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ZD: Safari for Windows security was botched

updated 02:55 pm EDT, Wed July 9, 2008

Safari for Win. security

The Windows version of Safari did not live up to Apple claims of it being "secured from day one," a new editorial claims. A ZDNet writer argues, for instance, that Safari should not have been set for automatic file downloading by default, as this can copy malicious executables to a person's computer. While these executables might not launch by themselves, automatic downloads prevent a person from exercising discretion, and Apple later admitted that code could be executed remotely.

The editorial further argues that Safari was vulnerable to "browser fuzzing," random data input meant to detect vulnerabilities. Apple is said to have been particularly guilty in this regard, as a year prior, several free fuzzing tools were released to the public, and used in a campaign to call the attention of many browser creators.

Safari is lastly said to have the fault of storing cache and cookie files in a predictable place, making it far easier for hackers to gain access to them. By contrast, Firefox generates random names for its profile folder, and Internet Explorer saves files in random directories. Under Safari, it is said, a local XML file could be executed remotely, and used to steal all of a person's cookies while hijacking browser sessions.




by MacNN Staff

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Comments

  1. LouZer

    Joined: Dec 1969

    +2

    um

    it's more of a blog than a full-blown 'editorial' or article.

  1. coldfusion1970

    Joined: Dec 1969

    0

    Why oh why

    I still dont get why Windows users dont just buy a Mac. All their security problems just melt away when running Mac OS X.

    And they can play games in Boot Camp. Problem solved.

  1. BelugaShark

    Joined: Dec 1969

    -2

    RE: Why oh why

    Well sadly some crucial features on the Mac are still missing, such as in a dual monitor setup on Windows you can put an application on the right monitor and another application on the left monitor and each application will have its own drop-down menu on its own monitor. The Mac on the other-hand will have the menus on one of the two monitors, so you'll have to roll your mouse from one screen to the other to access your menu items. Another issue is the Finder windows, they are super-flaky, the best one (in my opinion) is the column view but there is not feature to turn-off that stupid file description column. There are many other Finder problems that we were hoping would get resolved when Leopard was launched but didn't.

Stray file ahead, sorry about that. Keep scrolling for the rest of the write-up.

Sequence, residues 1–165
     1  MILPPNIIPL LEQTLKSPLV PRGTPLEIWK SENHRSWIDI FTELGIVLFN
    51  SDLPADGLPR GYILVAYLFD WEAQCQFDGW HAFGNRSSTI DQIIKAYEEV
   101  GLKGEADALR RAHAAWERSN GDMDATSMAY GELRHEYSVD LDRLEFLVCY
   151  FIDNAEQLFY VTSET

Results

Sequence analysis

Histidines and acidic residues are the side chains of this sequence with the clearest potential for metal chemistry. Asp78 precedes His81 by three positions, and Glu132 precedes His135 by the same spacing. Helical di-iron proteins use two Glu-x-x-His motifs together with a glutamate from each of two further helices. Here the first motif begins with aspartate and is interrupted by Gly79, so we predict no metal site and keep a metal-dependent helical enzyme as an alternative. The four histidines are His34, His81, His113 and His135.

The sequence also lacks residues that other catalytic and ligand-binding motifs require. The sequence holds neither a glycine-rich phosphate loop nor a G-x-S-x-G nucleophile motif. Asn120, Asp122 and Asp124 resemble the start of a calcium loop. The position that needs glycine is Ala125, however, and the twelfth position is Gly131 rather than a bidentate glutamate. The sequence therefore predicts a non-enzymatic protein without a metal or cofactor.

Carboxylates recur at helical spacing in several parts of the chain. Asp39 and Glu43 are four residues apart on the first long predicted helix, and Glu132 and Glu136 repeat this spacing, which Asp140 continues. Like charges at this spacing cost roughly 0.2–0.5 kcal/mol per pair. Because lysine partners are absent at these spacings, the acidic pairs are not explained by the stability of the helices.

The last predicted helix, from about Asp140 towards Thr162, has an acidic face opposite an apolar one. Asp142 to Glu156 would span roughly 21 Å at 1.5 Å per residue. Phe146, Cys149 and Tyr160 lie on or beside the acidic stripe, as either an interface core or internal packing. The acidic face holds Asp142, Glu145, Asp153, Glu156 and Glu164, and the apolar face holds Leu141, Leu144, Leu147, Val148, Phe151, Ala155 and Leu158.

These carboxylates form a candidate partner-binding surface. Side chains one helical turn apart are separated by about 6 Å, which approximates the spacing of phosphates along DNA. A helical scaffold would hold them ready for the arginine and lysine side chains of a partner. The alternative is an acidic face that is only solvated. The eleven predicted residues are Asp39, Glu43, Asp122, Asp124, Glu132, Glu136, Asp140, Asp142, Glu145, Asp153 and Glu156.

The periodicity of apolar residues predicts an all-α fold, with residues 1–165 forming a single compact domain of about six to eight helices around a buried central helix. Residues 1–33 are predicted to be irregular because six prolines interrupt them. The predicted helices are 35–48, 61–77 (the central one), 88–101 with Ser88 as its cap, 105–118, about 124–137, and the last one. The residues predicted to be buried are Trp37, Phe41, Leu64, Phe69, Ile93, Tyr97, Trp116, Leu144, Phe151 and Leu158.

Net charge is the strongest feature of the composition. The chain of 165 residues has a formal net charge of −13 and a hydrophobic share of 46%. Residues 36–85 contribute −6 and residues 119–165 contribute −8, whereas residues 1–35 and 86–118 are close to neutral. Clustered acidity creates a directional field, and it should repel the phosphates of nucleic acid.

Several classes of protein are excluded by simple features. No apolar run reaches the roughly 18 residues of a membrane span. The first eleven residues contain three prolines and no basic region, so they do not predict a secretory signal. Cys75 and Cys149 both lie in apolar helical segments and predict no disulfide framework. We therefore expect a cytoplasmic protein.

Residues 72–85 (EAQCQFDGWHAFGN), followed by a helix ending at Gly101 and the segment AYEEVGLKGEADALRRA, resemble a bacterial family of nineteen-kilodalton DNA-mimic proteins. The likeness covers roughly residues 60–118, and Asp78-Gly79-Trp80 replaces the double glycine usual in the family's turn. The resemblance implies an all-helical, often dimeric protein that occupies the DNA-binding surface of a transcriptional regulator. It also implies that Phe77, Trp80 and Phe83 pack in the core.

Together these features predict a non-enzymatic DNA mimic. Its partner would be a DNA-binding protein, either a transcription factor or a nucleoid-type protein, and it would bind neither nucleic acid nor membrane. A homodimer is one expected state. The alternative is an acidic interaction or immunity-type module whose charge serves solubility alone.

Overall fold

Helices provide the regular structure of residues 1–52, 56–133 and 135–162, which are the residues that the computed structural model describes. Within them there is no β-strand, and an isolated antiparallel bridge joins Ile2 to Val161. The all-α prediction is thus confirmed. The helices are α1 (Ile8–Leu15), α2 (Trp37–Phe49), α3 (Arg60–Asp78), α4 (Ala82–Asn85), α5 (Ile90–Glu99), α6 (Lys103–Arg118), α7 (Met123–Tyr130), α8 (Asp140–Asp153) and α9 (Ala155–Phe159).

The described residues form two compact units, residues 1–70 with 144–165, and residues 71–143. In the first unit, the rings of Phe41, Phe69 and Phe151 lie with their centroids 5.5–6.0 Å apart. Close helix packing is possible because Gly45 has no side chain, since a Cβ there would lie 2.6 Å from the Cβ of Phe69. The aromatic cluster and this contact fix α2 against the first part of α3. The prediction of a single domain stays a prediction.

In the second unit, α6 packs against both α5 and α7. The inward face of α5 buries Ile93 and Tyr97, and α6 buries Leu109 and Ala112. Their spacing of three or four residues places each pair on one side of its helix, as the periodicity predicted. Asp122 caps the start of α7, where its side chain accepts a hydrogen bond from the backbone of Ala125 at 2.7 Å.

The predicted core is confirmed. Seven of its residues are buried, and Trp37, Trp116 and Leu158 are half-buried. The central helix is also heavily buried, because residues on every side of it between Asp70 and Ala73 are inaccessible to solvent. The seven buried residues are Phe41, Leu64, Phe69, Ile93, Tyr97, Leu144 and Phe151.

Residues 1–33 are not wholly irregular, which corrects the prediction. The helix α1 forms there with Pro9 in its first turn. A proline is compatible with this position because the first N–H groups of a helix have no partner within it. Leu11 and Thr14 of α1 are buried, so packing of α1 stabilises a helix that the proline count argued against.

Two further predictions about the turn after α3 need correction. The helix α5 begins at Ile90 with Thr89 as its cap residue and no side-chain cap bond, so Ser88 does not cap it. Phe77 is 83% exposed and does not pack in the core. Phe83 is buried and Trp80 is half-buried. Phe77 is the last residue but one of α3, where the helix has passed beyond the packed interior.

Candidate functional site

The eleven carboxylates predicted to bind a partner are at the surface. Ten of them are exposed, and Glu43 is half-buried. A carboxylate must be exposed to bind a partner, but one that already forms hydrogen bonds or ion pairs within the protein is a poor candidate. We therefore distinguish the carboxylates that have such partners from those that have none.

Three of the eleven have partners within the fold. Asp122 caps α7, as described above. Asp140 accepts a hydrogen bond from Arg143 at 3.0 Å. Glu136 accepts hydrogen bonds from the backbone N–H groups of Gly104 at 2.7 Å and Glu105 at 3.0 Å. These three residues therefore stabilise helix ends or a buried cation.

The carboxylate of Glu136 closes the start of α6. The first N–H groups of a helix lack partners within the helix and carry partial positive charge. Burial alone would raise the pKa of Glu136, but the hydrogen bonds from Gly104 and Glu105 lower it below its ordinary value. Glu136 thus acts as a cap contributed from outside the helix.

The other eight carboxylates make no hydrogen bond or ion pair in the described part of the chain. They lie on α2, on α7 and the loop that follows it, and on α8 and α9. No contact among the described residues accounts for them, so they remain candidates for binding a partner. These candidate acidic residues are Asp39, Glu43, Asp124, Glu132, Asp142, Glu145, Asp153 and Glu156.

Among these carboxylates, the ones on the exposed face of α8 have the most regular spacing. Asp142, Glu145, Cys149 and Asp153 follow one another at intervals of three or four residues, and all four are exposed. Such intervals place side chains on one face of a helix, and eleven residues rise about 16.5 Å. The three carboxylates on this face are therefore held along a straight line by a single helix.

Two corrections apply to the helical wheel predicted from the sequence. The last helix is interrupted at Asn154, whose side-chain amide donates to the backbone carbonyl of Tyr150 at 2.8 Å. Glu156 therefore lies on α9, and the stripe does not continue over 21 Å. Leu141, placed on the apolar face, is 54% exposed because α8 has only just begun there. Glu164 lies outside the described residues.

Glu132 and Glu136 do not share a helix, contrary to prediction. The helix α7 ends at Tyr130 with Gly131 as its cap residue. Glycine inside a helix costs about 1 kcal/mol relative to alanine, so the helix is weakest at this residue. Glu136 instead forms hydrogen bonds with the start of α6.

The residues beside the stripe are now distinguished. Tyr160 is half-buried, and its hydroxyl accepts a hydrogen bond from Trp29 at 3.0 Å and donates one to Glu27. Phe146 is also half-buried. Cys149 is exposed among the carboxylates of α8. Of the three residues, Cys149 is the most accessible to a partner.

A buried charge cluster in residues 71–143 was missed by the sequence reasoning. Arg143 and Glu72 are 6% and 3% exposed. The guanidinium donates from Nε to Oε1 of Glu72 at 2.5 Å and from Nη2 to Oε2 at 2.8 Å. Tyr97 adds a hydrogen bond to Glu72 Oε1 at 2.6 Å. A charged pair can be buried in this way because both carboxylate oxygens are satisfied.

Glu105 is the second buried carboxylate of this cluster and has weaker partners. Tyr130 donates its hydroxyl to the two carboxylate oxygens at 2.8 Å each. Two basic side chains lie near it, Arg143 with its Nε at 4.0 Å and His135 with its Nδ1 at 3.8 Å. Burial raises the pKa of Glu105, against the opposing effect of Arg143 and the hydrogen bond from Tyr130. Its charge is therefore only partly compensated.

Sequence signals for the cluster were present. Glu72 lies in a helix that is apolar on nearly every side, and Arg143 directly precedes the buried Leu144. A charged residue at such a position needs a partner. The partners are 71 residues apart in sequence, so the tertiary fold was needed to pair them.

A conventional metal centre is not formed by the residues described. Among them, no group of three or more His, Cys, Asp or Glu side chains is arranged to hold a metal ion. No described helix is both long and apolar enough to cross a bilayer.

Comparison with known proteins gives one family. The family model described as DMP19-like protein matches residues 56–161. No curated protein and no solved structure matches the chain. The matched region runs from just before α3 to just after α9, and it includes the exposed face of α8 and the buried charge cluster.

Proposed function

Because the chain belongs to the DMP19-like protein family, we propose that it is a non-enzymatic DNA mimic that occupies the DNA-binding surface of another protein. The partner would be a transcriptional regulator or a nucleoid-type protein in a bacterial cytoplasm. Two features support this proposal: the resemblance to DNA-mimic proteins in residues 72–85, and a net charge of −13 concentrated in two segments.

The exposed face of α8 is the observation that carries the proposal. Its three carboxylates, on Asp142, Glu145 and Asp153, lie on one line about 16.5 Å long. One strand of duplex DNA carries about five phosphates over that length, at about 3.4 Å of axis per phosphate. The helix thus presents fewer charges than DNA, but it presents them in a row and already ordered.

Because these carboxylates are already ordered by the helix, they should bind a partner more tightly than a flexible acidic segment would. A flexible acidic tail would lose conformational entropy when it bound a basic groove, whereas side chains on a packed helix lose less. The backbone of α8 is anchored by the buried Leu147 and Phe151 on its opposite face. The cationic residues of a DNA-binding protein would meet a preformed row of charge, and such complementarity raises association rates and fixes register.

Other reasons are Acrobat, Flash, Maya, and other apps run circles around their Mac counterparts, Adobe's CS4 for the Mac has been delayed. Apple is not helping when they make last minute decision changes and throw-off their developers, like they did when they killed 64-bit Carbon. Nor are they helping with the major bug-infested updates such as OSX 10.5.3, not to mention the major bugs that haven't been addressed yet, such as the damn Keychain. Don't get me started on OSX Server, how can Apple release a dysfunctional AppleTalk file service in their Server application is beyond me. Or how they can release a Server update (specifically 10.4.10) that corrupts your served filesystem's tree and Apple's only solution is to buy DiskWarrior to fix it.

    So yes, there are less viruses and spyware on the Mac, but unfortunately Windows XP (not Vista) has many plausible plusses.

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